- HIV/AIDS and Academic Research Institutions—Consider a New Era
HIV/AIDS has been a public health issue in the United States since 1981,1 and has been a global health concern even longer. From a very reductionist view of the epidemic in the United States, HIV/AIDS has evolved from a White, male, homosexual disease with a near certain prospect of mortality to a chronic disease prevalent among young men, specifically Black and Latino/Hispanic men, who have sex with other men. The global health goal seeks elimination of HIV/AIDS by 2030 with key targets by year 2020. The 90% targets include the following: 90% of those infected knowing their HIV status; 90% under treatment having suppressed viral loads; and 90% of young people living in high-prevalence settings having access to primary and secondary sexual and reproductive health services.2 Healthy People 2020 targets reflect, to some extent, the global agenda.3 Despite progress made in treatment and efforts at pharmaceutically-based prevention, the goals are not without challenge as infection rates have increased in some population sectors. The transition from a fatal illness to chronic disease may hold some insight into understanding why the disease is showing upticks or failing to show expected decreases in incidence and prevalence in particular segments of the population. The further complexity of changing times, social conditions and systems, and cultural norms may be in play as well.
The current data show behaviorally the most at-risk groups contributing to the incidence and prevalence of HIV are men who have sex with men (MSM); the most at-risk age group are those between the ages of 13–24; and based on race/ethnicity, African Americans and Hispanics contribute to incidence and prevalence beyond the proportion of their representation in the general population. How this translates into the numbers: in 2014, 82% of new cases of HIV infection were among those aged 20–24; for ages 13–24, most of the newly diagnosed cases were males identifying as gay or bisexual males, and in this age group the proportion of new cases was disproportionately high among African Americans.4
Considering the age group most at risk, the current members of the cohort, and those coming behind them, did not witness the first waves of the epidemic where funerals and quilts with the names of loved ones who did not survive were the order of the day; where the stigma was so great the disease was discussed in hushed tones and only among a trusted few. Now celebrities announce their status looking fit and healthy, and messages of education and management of the disease abound. Not only is treatment available but pre-exposure prophylaxis (PrEp)5 offers a pre-emptive option [End Page vi] against contracting the virus. It is within this environment that HIV/AIDS continues to have a stronghold that warrants focused public attention. In what is termed here the new era of HIV infection, a commensurate public health response is required; the challenge is made more difficult, especially with the developmental characteristics of a younger age group, the irony being that the perceived threat of the virus has been greatly reduced through public health advancements, including treatment and prevention options, and the experience of those living with HIV.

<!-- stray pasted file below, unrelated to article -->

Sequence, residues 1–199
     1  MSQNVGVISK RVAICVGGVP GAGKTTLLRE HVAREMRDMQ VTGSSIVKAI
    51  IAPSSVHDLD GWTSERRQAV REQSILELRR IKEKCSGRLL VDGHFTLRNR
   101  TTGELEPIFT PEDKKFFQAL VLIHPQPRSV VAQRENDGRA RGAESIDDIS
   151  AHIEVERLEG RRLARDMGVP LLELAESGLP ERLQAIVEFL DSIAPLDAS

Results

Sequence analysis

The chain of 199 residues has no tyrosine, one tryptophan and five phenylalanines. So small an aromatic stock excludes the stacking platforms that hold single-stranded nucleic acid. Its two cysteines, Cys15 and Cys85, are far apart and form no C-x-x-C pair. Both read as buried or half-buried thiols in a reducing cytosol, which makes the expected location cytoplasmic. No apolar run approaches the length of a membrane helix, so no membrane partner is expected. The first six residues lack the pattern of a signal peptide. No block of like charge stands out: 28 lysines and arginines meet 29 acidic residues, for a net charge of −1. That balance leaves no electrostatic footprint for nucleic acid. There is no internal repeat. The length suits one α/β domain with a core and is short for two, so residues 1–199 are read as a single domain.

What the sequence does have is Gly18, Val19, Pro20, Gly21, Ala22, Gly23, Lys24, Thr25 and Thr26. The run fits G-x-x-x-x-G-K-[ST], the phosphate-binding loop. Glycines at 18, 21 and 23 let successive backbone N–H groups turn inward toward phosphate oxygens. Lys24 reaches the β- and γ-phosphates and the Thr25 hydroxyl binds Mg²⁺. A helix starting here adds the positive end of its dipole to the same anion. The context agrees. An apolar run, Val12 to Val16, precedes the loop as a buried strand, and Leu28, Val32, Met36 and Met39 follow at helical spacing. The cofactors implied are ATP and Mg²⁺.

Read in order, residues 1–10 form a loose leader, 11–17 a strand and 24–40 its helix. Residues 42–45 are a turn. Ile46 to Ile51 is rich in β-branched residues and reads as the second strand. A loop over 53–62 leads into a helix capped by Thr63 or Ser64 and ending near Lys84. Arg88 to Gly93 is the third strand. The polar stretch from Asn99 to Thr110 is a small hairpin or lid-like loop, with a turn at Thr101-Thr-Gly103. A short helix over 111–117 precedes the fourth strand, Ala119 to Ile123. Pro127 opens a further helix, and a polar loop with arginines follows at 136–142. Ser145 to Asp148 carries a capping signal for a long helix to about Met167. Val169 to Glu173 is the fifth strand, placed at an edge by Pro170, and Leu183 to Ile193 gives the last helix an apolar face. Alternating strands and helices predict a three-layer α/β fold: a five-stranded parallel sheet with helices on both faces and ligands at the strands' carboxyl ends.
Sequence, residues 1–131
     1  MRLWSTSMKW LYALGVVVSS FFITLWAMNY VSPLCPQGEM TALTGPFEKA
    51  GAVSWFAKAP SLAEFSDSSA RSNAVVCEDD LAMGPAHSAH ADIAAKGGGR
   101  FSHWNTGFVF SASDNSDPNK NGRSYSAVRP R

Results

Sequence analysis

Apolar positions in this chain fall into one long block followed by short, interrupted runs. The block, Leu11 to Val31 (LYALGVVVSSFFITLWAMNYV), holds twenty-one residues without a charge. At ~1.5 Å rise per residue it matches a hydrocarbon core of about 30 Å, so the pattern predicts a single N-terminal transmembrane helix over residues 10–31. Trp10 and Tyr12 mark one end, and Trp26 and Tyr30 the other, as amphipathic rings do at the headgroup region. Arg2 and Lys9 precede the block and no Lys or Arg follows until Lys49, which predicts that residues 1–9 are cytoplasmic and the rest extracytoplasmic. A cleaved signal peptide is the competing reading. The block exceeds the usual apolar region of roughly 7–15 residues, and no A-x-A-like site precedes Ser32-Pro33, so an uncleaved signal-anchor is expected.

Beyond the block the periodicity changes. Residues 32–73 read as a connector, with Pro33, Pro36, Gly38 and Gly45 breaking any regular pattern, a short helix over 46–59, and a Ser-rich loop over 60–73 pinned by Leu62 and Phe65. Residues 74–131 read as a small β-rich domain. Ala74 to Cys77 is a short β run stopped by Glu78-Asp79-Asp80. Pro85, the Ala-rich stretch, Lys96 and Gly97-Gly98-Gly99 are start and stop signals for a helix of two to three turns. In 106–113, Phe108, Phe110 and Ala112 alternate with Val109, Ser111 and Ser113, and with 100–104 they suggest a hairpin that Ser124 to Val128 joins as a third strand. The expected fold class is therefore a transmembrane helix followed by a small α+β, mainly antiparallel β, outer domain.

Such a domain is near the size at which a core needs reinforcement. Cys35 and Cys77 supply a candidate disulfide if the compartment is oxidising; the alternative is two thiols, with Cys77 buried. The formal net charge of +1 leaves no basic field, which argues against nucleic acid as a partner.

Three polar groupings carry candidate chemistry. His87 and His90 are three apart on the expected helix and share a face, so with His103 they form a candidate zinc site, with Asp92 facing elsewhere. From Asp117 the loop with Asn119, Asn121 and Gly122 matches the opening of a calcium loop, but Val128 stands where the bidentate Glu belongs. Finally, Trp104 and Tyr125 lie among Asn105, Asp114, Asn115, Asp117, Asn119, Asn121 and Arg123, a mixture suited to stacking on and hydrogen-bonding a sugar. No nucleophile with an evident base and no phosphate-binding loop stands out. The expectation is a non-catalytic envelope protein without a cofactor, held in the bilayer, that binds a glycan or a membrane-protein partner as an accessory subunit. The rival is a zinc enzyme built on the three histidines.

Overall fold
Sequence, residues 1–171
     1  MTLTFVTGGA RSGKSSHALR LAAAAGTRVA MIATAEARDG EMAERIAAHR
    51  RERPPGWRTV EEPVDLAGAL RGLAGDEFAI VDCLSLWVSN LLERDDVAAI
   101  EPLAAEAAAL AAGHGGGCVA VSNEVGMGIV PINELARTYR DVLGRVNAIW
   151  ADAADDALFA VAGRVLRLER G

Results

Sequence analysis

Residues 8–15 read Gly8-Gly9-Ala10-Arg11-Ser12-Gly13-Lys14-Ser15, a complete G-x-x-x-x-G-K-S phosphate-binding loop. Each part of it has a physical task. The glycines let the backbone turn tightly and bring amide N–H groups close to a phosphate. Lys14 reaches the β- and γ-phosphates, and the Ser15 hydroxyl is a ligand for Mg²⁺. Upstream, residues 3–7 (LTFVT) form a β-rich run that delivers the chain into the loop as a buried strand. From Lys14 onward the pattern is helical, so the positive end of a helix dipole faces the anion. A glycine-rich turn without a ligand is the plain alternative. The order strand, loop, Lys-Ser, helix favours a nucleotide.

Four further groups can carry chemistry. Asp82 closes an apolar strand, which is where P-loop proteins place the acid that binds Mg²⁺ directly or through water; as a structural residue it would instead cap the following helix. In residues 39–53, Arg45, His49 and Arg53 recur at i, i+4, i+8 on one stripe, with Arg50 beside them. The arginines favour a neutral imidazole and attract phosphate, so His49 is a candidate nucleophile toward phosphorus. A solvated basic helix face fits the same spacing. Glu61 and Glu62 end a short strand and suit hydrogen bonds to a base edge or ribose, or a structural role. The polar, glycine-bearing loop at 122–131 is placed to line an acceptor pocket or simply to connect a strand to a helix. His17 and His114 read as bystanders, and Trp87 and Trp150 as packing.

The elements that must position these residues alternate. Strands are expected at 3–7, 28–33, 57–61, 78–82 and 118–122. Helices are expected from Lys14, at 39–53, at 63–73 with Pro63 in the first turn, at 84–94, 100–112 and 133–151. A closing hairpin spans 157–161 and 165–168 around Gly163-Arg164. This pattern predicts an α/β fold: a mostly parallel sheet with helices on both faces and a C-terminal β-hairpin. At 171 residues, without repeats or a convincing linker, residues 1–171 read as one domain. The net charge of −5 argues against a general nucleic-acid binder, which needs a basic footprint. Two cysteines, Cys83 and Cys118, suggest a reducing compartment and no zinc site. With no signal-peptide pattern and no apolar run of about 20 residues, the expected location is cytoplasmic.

What to do? Consider a Community-Centered Ecological Approach
In an environment of rapid information dissemination, of social media for personal communications, of shifting sexual norms, of persistent racism, of structural economic inequities, and of persistent social injustices, the risk and consequences of infection for emerging adults have changed in profound ways, many not readily identified and measured. With the combination of decreased threat and shifting ecology of the disease, this is now a much more behaviorally complex issue. If viewed from a behavioral perspective, the options would be limited. Reviewing the current slate of programs and strategies to respond to the epidemic, a significant shift in dealing with HIV/AIDS seems to be in play demonstrating an ecological understanding and acknowledgment that the foundation that sustains the epidemic today is not simply/solely a matter of individualized risk factors (behavior, e.g.) and that the solution...